Several counties in Tennessee have a high number of outstanding warrants, so, if you suspect that there may be outstanding warrants against you in Tennessee, you should try to make absolutely sure that you’re in the clear rather than attempt to leave well enough alone.
Unserved warrants in Tennessee are automatically deleted from the system five years after they’re issued, but within this period of validity, people with outstanding warrants will promptly get arrested once law enforcement gets wind of the record.
You can search for warrants both online and offline in Tennessee, and in this article, we’ll consider the best ways of finding warrants in Tennessee.
Tennessee Warrants Explained
Warrants are court documents that empower law enforcement officials to perform such actions as arresting, searching, or seizing the property of an individual suspected of having committed a crime.
These acts would normally be in violation of a person’s fundamental rights and cannot be done without legal authorization.
Warrants may be issued by magistrates, judges, and court clerks in Tennessee who have been convinced of probable cause by the law enforcement officer in charge of investigations.
Conversely, probable cause is not required to be based on factual evidence in all cases. Hearsay might suffice, as long as the court considers the source of the evidence credible.
In Tennessee, warrants are typically accompanied by a sworn affidavit and a written statement identifying the name of the offender and their specific offense.
As soon as a warrant is signed by the court, it becomes active, and members of law enforcement statewide are permitted to execute the warrant.
While arrest and search warrants are typically executed immediately by law enforcement officers, police officers do not often go after people that have bench warrants issued against them.
Arrest warrants for felonies do not expire, but warrants issued for misdemeanors have a lifespan of five years. Meanwhile, search warrants have a much shorter period of validity.
Types of Warrants in Tennessee
Arrest warrants, search warrants, and bench warrants are three of the most commonly issued warrants in Tennessee.
There are, however, others, such as escape warrants, execution warrants, and tax warrants.
When a person is identified on an arrest warrant, police officials are allowed to make the arrest and hold the person in custody.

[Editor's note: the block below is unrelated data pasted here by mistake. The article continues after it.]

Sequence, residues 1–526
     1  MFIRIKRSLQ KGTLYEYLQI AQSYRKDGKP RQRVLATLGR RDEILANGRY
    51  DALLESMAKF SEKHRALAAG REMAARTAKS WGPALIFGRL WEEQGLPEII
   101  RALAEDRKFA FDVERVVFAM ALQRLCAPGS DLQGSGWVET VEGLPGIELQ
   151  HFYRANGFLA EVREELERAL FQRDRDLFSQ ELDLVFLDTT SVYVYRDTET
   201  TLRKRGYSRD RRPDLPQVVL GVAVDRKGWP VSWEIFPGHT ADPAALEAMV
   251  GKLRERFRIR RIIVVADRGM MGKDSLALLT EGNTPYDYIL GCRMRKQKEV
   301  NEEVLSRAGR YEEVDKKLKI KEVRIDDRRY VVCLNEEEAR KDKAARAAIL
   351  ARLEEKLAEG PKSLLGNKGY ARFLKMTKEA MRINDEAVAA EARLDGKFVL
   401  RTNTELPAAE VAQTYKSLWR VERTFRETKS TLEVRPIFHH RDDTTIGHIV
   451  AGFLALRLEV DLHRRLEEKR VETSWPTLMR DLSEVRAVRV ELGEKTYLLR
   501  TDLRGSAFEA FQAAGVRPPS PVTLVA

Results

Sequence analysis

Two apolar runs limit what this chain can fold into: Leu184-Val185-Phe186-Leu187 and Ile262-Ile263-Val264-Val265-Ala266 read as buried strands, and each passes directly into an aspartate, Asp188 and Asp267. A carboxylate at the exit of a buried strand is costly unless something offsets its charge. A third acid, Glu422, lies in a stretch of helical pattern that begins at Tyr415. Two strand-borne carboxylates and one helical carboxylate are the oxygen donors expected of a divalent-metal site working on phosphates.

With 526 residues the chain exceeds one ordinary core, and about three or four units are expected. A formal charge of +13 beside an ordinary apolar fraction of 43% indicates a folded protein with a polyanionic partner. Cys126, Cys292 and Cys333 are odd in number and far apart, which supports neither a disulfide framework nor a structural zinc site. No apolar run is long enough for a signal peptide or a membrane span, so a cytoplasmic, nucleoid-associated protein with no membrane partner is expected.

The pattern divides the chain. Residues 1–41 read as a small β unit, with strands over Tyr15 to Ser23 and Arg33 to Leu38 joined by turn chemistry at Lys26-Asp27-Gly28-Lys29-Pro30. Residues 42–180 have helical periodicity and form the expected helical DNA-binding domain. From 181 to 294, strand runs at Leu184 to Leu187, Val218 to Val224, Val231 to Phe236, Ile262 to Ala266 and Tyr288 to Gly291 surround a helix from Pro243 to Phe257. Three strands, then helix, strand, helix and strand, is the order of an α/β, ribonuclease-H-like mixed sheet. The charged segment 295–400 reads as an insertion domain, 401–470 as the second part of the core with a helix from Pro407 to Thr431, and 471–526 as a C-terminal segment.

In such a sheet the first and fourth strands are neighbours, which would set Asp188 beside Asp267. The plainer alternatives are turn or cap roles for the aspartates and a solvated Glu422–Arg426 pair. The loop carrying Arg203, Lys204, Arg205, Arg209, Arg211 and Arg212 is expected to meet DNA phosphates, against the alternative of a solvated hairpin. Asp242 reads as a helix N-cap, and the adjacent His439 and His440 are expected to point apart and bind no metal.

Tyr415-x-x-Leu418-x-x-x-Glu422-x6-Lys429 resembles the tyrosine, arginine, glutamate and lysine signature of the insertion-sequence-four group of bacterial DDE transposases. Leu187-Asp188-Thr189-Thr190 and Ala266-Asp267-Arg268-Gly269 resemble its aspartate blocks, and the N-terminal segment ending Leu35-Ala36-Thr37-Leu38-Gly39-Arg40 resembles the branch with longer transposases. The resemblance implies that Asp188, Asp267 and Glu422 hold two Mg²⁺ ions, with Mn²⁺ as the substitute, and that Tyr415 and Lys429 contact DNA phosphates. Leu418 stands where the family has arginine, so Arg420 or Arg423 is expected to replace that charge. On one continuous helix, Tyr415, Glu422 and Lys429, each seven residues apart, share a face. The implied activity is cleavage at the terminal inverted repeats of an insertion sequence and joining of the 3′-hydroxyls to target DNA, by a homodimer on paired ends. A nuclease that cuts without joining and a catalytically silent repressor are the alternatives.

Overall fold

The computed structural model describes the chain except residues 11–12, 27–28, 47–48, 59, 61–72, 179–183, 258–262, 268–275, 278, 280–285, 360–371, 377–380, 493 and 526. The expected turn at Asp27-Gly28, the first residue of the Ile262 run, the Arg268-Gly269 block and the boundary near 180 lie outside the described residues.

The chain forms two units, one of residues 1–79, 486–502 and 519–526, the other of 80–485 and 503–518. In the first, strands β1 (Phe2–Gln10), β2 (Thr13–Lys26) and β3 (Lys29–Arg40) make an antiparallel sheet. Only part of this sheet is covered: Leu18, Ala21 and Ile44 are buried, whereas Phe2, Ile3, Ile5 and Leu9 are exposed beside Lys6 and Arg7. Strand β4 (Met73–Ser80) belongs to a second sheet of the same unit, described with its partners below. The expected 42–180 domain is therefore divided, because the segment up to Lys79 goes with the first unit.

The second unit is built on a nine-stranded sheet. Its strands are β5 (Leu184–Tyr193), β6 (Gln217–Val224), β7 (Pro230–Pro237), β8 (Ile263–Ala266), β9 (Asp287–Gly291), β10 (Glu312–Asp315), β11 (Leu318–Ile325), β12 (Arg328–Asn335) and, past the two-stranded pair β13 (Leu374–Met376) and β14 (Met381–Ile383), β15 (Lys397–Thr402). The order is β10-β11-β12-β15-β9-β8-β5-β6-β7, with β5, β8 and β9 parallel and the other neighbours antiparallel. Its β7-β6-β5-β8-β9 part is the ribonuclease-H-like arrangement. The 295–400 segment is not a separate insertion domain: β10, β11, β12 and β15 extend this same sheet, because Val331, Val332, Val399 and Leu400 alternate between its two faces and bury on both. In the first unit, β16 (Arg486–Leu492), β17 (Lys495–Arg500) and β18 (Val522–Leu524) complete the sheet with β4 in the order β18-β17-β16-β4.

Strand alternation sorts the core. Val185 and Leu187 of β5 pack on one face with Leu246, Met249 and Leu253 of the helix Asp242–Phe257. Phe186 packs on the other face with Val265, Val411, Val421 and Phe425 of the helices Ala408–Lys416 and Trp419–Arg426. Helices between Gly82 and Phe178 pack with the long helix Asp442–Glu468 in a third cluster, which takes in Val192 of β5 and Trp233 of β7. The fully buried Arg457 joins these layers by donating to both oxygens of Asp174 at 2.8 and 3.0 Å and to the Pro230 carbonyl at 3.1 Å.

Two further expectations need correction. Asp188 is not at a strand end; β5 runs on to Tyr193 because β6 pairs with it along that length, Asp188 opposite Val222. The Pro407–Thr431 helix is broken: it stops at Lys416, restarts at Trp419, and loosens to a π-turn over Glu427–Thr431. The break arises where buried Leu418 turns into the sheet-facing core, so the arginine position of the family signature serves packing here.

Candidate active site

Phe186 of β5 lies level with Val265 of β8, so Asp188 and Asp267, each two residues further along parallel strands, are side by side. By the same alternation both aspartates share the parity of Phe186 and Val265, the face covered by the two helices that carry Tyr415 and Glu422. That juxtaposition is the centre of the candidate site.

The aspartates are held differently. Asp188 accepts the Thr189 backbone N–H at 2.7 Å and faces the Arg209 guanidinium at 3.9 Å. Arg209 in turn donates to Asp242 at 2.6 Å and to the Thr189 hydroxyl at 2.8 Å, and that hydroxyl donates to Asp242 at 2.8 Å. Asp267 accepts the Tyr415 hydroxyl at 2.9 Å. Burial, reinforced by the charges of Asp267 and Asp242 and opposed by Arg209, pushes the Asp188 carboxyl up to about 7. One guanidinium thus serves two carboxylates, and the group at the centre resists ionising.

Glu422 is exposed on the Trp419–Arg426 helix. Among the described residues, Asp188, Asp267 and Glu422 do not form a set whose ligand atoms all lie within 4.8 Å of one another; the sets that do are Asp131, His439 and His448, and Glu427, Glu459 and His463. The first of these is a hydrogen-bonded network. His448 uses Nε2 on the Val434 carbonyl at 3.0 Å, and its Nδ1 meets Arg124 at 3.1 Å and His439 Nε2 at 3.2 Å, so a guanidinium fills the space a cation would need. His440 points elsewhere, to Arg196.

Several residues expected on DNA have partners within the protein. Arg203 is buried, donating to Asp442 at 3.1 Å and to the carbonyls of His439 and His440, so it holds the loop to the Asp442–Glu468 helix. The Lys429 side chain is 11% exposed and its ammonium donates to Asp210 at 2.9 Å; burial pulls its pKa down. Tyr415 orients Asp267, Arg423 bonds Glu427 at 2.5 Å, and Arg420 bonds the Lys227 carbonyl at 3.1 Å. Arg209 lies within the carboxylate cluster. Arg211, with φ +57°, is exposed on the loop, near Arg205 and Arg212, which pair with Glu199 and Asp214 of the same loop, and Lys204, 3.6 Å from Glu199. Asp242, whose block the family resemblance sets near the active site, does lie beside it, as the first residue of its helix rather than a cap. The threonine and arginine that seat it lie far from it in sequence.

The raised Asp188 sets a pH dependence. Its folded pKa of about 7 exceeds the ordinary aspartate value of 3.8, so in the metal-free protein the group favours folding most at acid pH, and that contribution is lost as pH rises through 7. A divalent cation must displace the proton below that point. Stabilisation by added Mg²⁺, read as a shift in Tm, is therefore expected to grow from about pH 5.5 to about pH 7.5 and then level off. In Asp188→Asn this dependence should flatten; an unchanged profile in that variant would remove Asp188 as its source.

In Tennessee, police officer has the right to make an arrest without a warrant if they witness a crime being committed.
Tennessee judges and magistrates are responsible for issuing arrest warrants. In addition, the District Attorney can request an arrest warrant from a court clerk.
It will be up to the issuing officer to fully examine the information available and decide whether there are sufficient reasons to issue a warrant.
The law enforcement agency making the request must create a formal statement outlining probable cause. Agents must also sign affidavits and sworn statements along with the written statement.
Police officers in Tennessee have the legal right to search a person or property with a search warrant.
A search warrant may be requested by a district attorney, their assistant, criminal detectives, and other law enforcement officers in Tennessee, according to the state’s search and seizure law.
Search warrants are issued by the courts only if there is a sufficient probable cause supported by sworn affidavits from law enforcement officials.
A bench warrant is an order issued by a judge, usually without the involvement of the criminal justice system.
The court issues bench warrants when a person holds the court in contempt by refusing to respond to summons, not showing up for their court dates (resulting in a Failure to Appear charge), or failing to meet financial obligations imposed by the court.
People served with bench warrants are not actively pursued by law enforcement, but they may be arrested when a law enforcement officer pulls up their records.
How to Find Warrants in Tennessee
Here are some options for finding warrants in Tennessee:
The Tennessee Bureau of Investigation
You can carry out a personal background check on the website of the Tennessee Bureau of Investigation.
The Bureau is the official repository of criminal history, and interested citizens may perform personal criminal history checks for $29.
To use this option, visit the Bureau website and submit an online background check request on the website.
Local County Websites
Some counties in Tennessee provide warrant records on the websites of their local sheriffs.
If you want to learn whether you have outstanding or active warrants, you may check the official website of your local county sheriff. You may search by name, street address, or warrant number.
If you know the court where the warrant was issued, you may request warrant information in person from the court clerk.
Background check websites bring up a lot of details about subjects, including any outstanding warrants on their records. These third-party platforms are great options when you need to find warrant information quickly and easily.